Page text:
But they didn't know just how far Elway was willing to go to leave San Diego a champion.
With the score tied at 17-17 in the third quarter, Elway and the Broncos were pinned deep in their end of the field. A completion to tight end Shannon Sharpe, followed by a 36-yard completion to Ed McCaffrey (Panthers' running back Christian McCaffrey's dad) and the Broncos were now in Green Bay territory.
On a 3rd-and-6 from the Green Bay 13-yard line, Elway, setting up in a shotgun formation takes the snap. All night, Green Bay's secondary had been stifling the Broncos' aerial attack, and this play was no different. Seeing his options limited through the air, Elway took off, scrambling through the Packers' defensive front. As he gets to the 10-yard line, Elway tucks the ball under his arm, signaling to everyone he's going to run the ball into whatever stands in his way.
What was standing in his way were three Green Bay defenders ready to pounce.
John Elway's Helicopter Run Ignites the Broncos
In a split second, Elway leaps towards the end zone right as the three Green Bay defenders converge on him. Elway manages to stay above them all, but helicopters his way beyond them and down to the three-yard line for a Denver first down.
Up in the broadcast booth, longtime broadcasters Dick Enberg and Paul Maguire lose their minds. "Is he only 37?!" Enberg asks his fellow commentators. Maguire responds with, "How important is this football game? How badly does John Elway want to win this football game? When you see [other] quarterbacks go down, not Elway."
As he gets up and returns to the huddle after one of the greatest plays in football history, Elway is giving his teammates high fives and is yelling to his sideline. This is the moment that true leaders cement their legacies. In this moment, former NFL MVP John Elway is leading by example saying, "This is what I'm willing to do to win this thing. This isn't the playoffs. This is the Super Bowl. What are you willing to put on the line?"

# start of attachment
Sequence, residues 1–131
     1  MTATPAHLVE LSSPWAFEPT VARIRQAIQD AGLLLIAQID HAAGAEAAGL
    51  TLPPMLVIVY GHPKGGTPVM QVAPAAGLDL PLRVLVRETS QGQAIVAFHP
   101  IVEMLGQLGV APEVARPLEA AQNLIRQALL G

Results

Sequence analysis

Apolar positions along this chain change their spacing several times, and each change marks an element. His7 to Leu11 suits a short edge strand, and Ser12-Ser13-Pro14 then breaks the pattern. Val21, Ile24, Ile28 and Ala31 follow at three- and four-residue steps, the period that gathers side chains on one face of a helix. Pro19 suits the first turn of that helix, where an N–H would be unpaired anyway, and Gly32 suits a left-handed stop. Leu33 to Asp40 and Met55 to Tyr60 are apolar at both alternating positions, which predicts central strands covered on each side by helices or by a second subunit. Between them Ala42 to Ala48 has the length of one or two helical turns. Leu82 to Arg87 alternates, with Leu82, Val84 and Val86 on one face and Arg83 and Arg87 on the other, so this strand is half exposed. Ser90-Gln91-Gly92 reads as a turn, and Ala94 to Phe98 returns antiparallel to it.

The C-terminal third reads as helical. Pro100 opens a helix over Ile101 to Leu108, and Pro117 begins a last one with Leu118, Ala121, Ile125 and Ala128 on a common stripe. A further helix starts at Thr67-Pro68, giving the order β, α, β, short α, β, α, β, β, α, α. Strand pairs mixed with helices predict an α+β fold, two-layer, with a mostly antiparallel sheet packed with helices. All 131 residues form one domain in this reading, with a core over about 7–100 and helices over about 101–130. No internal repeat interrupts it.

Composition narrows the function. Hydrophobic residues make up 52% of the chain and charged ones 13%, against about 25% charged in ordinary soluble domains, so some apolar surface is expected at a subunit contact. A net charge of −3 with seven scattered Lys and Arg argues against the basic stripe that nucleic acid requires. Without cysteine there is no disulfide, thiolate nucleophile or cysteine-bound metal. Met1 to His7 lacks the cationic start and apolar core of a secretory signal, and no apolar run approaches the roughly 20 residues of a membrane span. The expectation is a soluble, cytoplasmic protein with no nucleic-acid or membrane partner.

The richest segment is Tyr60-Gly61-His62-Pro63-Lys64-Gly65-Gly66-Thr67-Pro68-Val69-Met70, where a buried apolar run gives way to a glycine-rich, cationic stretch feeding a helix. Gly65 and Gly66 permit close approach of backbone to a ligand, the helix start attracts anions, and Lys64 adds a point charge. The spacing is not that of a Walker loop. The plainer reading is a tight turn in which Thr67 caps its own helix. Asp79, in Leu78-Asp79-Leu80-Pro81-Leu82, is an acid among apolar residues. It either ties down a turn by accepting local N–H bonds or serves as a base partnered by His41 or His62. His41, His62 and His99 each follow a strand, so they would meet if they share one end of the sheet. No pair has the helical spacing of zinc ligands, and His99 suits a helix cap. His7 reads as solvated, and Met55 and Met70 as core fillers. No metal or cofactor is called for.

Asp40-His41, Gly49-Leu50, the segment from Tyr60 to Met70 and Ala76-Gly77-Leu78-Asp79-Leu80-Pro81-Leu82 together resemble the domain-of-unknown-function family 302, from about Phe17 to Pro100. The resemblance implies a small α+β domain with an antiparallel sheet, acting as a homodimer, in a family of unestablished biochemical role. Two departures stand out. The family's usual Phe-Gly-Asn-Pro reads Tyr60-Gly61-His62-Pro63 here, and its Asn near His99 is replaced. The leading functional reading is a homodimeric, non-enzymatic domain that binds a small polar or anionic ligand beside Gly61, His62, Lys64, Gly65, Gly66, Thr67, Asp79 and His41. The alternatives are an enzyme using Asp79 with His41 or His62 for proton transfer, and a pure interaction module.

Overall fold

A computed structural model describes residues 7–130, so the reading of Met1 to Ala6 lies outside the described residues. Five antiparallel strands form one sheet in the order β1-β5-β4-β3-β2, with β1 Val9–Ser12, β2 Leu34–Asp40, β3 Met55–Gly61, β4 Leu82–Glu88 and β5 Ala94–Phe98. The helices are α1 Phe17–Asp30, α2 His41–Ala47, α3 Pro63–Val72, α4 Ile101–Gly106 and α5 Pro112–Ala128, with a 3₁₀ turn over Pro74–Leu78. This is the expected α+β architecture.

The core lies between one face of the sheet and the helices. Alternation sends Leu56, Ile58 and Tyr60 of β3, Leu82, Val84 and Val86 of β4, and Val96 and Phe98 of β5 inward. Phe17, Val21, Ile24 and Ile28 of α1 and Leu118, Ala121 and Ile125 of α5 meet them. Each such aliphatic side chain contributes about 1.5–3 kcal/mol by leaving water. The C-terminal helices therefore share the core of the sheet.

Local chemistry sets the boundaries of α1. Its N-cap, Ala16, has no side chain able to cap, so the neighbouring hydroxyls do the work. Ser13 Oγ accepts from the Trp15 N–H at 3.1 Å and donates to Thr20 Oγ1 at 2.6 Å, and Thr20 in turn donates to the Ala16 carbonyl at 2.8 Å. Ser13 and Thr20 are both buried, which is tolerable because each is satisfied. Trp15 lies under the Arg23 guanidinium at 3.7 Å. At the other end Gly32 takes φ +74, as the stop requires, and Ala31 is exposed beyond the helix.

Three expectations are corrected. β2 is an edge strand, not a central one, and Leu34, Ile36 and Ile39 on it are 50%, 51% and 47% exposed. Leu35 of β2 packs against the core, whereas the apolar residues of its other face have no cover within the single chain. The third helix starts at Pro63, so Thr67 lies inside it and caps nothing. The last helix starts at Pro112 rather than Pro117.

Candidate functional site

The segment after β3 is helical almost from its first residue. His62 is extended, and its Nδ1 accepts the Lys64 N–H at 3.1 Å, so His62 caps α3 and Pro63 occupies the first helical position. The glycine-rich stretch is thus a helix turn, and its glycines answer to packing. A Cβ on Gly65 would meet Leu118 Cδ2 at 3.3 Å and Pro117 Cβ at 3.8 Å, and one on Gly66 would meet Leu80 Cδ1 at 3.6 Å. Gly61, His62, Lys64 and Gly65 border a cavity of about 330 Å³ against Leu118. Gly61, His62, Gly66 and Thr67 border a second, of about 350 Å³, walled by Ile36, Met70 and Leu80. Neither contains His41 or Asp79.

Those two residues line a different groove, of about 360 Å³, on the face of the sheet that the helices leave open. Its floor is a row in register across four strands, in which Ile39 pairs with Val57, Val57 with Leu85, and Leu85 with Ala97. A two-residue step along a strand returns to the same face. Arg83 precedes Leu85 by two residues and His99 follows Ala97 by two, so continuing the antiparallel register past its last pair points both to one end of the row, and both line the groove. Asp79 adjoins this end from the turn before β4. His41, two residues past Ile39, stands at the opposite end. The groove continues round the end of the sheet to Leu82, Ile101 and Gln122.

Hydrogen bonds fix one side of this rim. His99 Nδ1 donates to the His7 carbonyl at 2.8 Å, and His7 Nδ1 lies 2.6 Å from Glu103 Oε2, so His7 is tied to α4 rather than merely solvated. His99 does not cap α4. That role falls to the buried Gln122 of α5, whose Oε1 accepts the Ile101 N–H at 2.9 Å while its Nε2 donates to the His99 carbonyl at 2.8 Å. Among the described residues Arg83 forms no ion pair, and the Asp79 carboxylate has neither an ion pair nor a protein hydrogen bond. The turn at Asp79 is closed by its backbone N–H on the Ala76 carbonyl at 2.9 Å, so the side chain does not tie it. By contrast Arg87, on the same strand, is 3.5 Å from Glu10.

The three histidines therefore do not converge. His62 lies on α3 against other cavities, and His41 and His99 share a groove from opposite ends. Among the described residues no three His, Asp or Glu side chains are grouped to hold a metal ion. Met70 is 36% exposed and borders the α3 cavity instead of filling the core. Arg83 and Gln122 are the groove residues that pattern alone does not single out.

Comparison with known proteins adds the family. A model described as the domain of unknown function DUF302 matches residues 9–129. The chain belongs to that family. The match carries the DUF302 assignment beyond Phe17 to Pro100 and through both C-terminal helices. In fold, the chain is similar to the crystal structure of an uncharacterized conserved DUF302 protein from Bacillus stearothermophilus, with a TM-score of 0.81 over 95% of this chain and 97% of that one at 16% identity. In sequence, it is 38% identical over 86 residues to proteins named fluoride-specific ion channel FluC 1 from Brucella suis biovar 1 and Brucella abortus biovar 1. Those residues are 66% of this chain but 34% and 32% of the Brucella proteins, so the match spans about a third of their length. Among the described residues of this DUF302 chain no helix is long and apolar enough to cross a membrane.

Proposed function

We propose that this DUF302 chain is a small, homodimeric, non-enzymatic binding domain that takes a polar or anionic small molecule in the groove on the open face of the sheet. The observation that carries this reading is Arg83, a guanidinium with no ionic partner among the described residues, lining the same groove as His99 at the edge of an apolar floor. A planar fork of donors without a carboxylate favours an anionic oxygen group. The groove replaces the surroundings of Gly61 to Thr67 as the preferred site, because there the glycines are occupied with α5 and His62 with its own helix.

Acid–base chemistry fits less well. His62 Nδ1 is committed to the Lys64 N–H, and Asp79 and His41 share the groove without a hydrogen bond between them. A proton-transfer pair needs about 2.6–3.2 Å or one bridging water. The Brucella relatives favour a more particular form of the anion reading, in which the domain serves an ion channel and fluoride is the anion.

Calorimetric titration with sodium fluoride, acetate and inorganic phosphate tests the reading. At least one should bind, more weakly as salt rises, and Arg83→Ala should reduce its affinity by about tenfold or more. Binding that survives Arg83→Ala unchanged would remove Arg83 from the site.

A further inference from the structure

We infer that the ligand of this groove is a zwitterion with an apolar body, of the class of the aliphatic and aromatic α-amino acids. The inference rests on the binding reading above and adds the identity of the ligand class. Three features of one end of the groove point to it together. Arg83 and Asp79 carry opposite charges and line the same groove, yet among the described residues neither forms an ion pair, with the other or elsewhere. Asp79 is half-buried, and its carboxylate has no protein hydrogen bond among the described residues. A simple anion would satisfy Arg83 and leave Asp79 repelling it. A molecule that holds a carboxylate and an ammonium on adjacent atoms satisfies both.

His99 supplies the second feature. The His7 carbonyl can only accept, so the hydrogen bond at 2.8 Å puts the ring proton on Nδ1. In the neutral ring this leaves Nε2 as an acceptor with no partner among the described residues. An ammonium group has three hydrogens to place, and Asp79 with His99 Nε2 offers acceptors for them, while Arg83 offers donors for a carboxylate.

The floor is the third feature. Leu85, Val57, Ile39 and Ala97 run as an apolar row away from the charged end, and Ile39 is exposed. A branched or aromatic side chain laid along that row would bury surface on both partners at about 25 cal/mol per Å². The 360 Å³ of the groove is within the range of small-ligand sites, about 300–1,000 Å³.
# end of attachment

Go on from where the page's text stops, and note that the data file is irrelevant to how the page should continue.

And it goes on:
While the game wasn't over, and Elway still had to complete a game-winning drive in the fourth quarter, it is this moment that sticks with football fans. When John Elway, the 37-year-old quarterback who spent his entire career with the Denver Broncos and was aching for a Super Bowl title, put his career on the line for his team, he cemented his legacy as a legend, win or lose.
John Elway needed a first down. "The Helicopter" happened next. ?
— NFL (@NFL) April 13, 2020
Before the game, Phil Simms, the quarterback of the New York Giants who defeated Elway in his first Super Bowl appearance, summed up why this moment was so important, a full three quarters before it took place.
"Denver has hope because of John Elway."
Not only did Denver have hope because of John Elway, but they also have two Super Bowl rings thanks to him: this one from Super Bowl XXXII and one from the following year in Super Bowl XXXIII. Pretty good for the then-oldest quarterback to win a Super Bowl in NFL History. After all, there's no better way to end a Hall of Fame career than with two back-to-back Super Bowl wins.